Networks

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COMPUTER NETWORKS:

COMPUTER NETWORKS CHAPTER 4

The concept of Workstation:

The concept of Workstation Networking – two or more computers are physically linked through wires or wirelessly cables and these computers linked together form the basic network thus allowing sending over- and receiving data or information from within and among computers linked together- a small network so to speak.

Computer Networks:

Computer Networks Computer Network - refers to a number of computers and peripherals interconnected so as to share information and resources. A network - may be made up of computers, printers, scanners, or other compatible devices. Node - each device in the network.

Two Generic Types of Computer Networks:

Two Generic T ypes of Computer Networks Dedicated Network - is a setup in which one or more computers are set aside as servers that are used only to support client terminals. Peer-to-Peer Network - is a connection in which computers share resources with each workstation being either a client or a server.

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Computers linked into the networks classified as: Wired - are those connected together using standard telephone wires, network cable, Ethernet cable, coaxial cable or the more advanced fiber optic cables. Wireless – are those computers linked up by way of infrared technologies and use of radio frequencies using the theories and principles of Wi-Fi or bluetooth technology which are discussed further in detail in the chapter devoted for mobile commerce.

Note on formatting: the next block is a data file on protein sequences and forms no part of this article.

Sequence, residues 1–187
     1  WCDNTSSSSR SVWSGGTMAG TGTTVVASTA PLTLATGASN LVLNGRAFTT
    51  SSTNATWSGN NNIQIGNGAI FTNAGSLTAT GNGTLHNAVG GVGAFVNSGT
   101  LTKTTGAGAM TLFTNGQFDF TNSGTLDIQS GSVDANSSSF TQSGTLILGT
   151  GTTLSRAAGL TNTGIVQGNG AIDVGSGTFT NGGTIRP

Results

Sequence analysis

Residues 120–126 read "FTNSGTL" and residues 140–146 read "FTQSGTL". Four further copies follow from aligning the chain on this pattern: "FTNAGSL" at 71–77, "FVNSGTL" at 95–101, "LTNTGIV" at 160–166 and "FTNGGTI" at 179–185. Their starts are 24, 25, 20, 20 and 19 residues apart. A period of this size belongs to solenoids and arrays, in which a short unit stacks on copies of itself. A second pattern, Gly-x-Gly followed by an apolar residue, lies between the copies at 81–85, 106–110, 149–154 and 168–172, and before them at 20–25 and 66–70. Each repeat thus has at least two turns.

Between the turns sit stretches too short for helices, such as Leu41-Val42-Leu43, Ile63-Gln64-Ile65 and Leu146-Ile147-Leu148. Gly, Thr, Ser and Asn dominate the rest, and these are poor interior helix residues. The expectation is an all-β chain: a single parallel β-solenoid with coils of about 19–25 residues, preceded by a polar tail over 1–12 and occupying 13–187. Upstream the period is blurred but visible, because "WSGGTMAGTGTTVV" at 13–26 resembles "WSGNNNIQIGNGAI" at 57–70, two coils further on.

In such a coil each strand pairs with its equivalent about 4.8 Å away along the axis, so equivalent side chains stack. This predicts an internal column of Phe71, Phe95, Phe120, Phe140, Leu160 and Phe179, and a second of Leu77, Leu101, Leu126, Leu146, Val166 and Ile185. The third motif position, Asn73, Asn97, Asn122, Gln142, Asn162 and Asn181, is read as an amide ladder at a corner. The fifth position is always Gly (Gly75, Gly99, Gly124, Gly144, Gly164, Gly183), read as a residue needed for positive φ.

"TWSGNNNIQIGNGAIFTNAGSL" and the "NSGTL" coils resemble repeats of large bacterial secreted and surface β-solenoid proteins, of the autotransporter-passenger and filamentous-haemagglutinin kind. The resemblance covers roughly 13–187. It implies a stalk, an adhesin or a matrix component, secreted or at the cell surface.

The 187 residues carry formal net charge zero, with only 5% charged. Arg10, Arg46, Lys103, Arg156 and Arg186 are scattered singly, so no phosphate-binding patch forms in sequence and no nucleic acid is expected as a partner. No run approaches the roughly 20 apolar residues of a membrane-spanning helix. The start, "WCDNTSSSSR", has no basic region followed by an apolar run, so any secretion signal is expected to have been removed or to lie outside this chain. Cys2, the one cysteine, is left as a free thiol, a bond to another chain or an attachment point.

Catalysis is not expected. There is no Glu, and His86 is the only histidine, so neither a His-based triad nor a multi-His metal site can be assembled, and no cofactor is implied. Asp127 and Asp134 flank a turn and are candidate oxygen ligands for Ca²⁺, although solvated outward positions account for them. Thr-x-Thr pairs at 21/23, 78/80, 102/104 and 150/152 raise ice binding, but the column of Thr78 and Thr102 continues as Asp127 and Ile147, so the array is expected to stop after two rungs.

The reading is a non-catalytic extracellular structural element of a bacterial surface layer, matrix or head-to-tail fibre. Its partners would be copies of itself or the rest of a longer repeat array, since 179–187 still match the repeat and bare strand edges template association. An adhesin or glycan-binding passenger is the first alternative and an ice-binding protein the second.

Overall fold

Reasons for Networking:

Reasons for Networking Sharing of peripherals and accessories – By networking, unnecessary expenses can be avoided such as having one printer or scanner for each computer unit. Sharing data files – With networking, data and files need not be installed in all computer units but instead kept or stored in dedicated units which can be made accessible to other authorized users.

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Sharing applications – Nowadays, many application programs or software are designed for networked environment such as groupware, electronic mail software, and multi-user database software . Reduced cost in acquiring, installing and maintaining software – Acquiring, installing and maintaining application software is much less in a network environment as compared to installing software to each individual workstation.